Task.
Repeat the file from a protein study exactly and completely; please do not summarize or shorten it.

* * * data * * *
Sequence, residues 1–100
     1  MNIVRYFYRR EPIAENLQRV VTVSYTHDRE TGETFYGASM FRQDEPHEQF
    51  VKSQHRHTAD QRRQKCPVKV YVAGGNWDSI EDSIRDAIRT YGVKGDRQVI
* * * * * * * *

Sequence, residues 1–100
     1  MNIVRYFYRR EPIAENLQRV VTVSYTHDRE TGETFYGASM FRQDEPHEQF
    51  VKSQHRHTAD QRRQKCPVKV YVAGGNWDSI EDSIRDAIRT YGVKGDRQVI